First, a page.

Electric charge

Electric field of a positive and a negative point charge
Diagram showing field lines and equipotentials around an electron, a negatively charged particle. In an electrically neutral atom, the number of electrons is equal to the number of protons (which are positively charged), resulting in a net zero overall charge
Coulomb's torsion balance

Physical property of matter that causes it to experience a force when placed in an electromagnetic field.

- Electric charge

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Ampere hour

Rechargeable batteries Top: AA battery (2500 mA⋅h) Bottom: AAA battery (1000 mA⋅h)

An ampere hour or amp hour (symbol: A⋅h or A h; often also unofficially denoted as Ah) is a unit of electric charge, having dimensions of electric current multiplied by time, equal to the charge transferred by a steady current of one ampere flowing for one hour, or 3,600 coulombs.

Coulomb

Charles-Augustin de Coulomb, the unit's namesake

The coulomb (symbol: C) is the SI derived unit of electric charge.

Atom

Smallest unit of ordinary matter that forms a chemical element.

Atoms and molecules as depicted in John Dalton's A New System of Chemical Philosophy vol. 1 (1808)
The Geiger–Marsden experiment:
Left: Expected results: alpha particles passing through the plum pudding model of the atom with negligible deflection.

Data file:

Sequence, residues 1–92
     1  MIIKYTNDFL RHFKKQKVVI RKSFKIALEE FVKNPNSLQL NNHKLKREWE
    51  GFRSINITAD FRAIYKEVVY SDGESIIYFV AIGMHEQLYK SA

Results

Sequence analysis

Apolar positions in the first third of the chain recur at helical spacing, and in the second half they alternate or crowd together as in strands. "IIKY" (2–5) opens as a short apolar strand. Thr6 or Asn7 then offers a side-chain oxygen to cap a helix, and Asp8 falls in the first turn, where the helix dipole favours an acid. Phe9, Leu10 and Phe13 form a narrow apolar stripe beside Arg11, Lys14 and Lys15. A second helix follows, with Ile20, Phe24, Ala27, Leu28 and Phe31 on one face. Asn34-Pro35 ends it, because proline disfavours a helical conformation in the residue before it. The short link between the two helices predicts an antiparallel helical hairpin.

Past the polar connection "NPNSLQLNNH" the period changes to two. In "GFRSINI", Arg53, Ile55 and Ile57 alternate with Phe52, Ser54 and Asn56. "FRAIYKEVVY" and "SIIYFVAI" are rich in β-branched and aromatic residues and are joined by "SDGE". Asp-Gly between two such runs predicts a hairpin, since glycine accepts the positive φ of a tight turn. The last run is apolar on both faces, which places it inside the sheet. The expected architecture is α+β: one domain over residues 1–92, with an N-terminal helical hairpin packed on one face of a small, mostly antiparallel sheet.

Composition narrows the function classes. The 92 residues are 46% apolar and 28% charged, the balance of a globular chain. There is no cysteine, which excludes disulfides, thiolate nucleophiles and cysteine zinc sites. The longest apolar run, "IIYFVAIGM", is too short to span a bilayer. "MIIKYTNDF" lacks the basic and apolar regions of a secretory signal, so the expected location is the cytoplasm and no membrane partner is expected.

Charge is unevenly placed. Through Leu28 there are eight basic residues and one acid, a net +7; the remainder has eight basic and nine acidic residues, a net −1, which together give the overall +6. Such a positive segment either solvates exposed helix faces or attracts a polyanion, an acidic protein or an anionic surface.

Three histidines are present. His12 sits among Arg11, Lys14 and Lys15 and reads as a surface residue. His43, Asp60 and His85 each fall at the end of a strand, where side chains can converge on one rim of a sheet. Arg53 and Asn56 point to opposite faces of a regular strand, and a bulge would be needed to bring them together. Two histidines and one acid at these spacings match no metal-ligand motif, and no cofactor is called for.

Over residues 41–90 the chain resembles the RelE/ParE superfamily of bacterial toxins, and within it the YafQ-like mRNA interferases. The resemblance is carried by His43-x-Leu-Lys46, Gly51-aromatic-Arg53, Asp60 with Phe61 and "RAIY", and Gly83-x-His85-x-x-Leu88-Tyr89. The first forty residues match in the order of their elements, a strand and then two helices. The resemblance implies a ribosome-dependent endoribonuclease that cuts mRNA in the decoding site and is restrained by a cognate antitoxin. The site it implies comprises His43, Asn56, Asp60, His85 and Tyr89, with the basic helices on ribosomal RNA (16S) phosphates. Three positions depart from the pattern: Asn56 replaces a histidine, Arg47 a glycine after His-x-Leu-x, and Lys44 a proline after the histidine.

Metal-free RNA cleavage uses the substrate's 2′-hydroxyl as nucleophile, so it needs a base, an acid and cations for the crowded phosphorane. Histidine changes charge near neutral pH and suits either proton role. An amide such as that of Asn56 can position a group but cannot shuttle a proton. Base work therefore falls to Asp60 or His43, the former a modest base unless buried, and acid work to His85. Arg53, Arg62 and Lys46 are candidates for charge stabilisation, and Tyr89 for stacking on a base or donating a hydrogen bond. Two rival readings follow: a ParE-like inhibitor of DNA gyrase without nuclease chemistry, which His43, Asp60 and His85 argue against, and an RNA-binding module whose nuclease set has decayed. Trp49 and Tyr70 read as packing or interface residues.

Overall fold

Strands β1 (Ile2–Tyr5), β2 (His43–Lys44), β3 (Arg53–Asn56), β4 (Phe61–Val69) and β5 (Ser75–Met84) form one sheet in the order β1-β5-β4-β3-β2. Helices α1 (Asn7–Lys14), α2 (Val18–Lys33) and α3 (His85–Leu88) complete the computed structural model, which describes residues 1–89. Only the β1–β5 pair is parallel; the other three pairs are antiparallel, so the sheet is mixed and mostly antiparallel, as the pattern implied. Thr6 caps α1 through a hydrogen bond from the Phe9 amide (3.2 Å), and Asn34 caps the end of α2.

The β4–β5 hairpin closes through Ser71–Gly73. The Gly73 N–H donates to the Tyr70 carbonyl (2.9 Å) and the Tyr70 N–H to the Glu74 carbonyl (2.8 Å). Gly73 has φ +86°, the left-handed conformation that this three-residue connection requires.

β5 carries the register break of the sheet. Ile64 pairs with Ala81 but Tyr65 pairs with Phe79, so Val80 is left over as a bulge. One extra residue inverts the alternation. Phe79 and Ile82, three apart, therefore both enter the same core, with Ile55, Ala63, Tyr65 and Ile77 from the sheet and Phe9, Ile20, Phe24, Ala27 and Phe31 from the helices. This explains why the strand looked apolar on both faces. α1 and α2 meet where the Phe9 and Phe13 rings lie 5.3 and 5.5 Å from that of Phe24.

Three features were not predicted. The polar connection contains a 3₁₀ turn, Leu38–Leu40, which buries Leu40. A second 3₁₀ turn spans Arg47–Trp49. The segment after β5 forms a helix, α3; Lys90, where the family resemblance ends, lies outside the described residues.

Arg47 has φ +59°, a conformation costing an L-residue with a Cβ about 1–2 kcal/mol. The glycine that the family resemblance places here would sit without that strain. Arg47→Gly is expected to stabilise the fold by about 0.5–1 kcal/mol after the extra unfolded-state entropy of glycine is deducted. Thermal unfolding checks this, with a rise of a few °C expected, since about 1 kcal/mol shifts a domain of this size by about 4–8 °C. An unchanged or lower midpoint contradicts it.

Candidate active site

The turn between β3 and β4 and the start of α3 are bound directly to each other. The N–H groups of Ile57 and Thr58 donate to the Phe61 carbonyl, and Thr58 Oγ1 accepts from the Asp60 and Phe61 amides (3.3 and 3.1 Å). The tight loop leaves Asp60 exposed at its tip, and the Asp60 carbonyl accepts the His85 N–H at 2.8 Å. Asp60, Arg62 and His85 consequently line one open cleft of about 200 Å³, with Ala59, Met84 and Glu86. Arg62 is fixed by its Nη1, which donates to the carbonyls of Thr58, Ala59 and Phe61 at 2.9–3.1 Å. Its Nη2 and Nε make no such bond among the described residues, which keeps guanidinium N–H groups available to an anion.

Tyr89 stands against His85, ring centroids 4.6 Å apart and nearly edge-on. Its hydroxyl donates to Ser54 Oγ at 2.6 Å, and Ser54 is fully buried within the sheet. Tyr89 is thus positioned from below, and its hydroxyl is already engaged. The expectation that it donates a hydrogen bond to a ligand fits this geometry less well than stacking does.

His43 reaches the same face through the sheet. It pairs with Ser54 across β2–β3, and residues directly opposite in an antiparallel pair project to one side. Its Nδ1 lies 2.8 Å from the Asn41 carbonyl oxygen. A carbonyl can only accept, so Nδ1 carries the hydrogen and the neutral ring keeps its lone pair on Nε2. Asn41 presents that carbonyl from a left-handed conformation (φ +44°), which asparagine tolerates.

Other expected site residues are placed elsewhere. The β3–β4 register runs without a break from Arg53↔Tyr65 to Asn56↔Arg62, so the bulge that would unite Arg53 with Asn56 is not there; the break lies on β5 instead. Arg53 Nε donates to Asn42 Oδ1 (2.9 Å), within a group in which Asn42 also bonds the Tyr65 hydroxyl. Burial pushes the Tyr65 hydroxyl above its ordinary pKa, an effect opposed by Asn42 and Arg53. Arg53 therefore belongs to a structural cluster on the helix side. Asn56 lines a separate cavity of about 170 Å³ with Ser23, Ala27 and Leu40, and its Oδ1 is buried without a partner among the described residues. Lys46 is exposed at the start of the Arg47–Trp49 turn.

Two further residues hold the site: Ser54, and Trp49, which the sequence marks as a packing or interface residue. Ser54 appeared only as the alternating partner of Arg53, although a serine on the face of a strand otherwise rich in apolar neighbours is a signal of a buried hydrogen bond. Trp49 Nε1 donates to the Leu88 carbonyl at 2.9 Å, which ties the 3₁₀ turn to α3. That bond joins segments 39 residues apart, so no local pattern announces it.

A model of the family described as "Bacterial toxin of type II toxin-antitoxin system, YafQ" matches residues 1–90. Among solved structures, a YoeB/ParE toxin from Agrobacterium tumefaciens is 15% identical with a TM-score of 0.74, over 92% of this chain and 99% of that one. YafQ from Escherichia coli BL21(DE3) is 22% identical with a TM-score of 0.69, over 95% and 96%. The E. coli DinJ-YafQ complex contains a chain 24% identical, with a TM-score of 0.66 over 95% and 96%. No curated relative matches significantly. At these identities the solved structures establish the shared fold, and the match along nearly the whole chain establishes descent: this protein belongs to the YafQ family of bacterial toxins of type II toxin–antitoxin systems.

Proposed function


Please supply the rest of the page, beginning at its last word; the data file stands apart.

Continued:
Right: Observed results: a small portion of the particles were deflected by the concentrated positive charge of the nucleus.
The Bohr model of the atom, with an electron making instantaneous "quantum leaps" from one orbit to another with gain or loss of energy. This model of electrons in orbits is obsolete.
The binding energy needed for a nucleon to escape the nucleus, for various isotopes
A potential well, showing, according to classical mechanics, the minimum energy V(x) needed to reach each position x. Classically, a particle with energy E is constrained to a range of positions between x1 and x2.
3D views of some hydrogen-like atomic orbitals showing probability density and phase (g orbitals and higher are not shown)
This diagram shows the half-life (T½) of various isotopes with Z protons and N neutrons.
These electron's energy levels (not to scale) are sufficient for ground states of atoms up to cadmium (5s2 4d10) inclusively. Do not forget that even the top of the diagram is lower than an unbound electron state.
An example of absorption lines in a spectrum
Graphic illustrating the formation of a Bose–Einstein condensate
Scanning tunneling microscope image showing the individual atoms making up this gold (100) surface. The surface atoms deviate from the bulk crystal structure and arrange in columns several atoms wide with pits between them (See surface reconstruction).
Periodic table showing the origin of each element. Elements from carbon up to sulfur may be made in small stars by the alpha process. Elements beyond iron are made in large stars with slow neutron capture (s-process). Elements heavier than iron may be made in neutron star mergers or supernovae after the r-process.

The protons have a positive electric charge, the electrons have a negative electric charge, and the neutrons have no electric charge.

Quark

Type of elementary particle and a fundamental constituent of matter.